In finance, a butterfly is a limited risk, non-directional options strategy that is designed to have a large probability of earning a limited profit when the future volatility of the underlying asset is expected to be lower than the implied volatility.
A long butterfly position will make profit if the future volatility is lower than the implied volatility.
A long butterfly options strategy consists of the following options:
- Long 1 call with a strike price of (X − a)
- Short 2 calls with a strike price of X
- Long 1 call with a strike price of (X + a)
where X = the spot price (i.e. current market price of underlying) and a > 0.
Using put–call parity a long butterfly can also be created as follows:
- Long 1 put with a strike price of (X + a)
- Short 2 puts with a strike price of X
- Long 1 put with a strike price of (X − a)
where X = the spot price and a > 0.
All the options have the same expiration date.
At expiration the value (but not the profit) of the butterfly will be:
- zero if the price of the underlying is below (X − a) or above (X + a)
- positive if the price of the underlying is between (X - a) and (X + a)
The maximum value occurs at X (see diagram).
A short butterfly position will make profit if the future volatility is higher than the implied volatility.
A short butterfly options strategy consists of the same options as a long butterfly. However now the middle strike option position is a long position and the upper and lower strike option positions are short.
Butterfly P/L graph
Since the butterfly options strategy is a complex one and contains 3 "legs" (options with 3 different strike), its P/L graph is quite complicated and changes considerably as time moves forward to the expiration.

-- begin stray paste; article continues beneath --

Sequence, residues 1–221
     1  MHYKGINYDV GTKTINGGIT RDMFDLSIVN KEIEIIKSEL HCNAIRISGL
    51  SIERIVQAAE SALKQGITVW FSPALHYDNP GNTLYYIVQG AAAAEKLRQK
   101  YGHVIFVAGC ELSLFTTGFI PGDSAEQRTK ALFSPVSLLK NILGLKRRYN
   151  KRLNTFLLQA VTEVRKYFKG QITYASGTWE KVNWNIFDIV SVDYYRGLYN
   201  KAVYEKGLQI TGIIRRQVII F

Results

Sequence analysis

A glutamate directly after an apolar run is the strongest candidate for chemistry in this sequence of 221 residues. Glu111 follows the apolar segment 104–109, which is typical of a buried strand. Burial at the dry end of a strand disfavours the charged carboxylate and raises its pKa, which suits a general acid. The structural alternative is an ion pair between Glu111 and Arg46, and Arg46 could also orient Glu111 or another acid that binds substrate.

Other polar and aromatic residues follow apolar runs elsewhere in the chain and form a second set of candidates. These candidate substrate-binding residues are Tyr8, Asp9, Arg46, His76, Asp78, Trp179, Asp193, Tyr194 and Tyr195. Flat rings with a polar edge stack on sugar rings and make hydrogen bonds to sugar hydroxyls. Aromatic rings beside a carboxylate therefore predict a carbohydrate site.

This is a graph showing the P/L (profit / loss) for a 1-year butterfly options strategy 5 days before expiry:
Margin requirements for all options positions, including a butterfly, are governed by what is known as Regulation T. However brokers are permitted to apply more stringent margin requirements than the regulations.
- The double option position in the middle is called the body, while the two other positions are called the wings.
- The option strategy where the middle options (the body) have different strike prices is known as a Condor.
- In case the distance between middle strike price and strikes above and below is unequal, such position is referred to as "broken wings" butterfly.
- McMillan, Lawrence G. (2002). Options as a Strategic Investment (4th ed. ed.). New York : New York Institute of Finance. ISBN 0-7352-0197-8.
- Credit By Brokers And Dealers (Regulation T), FINRA, 1986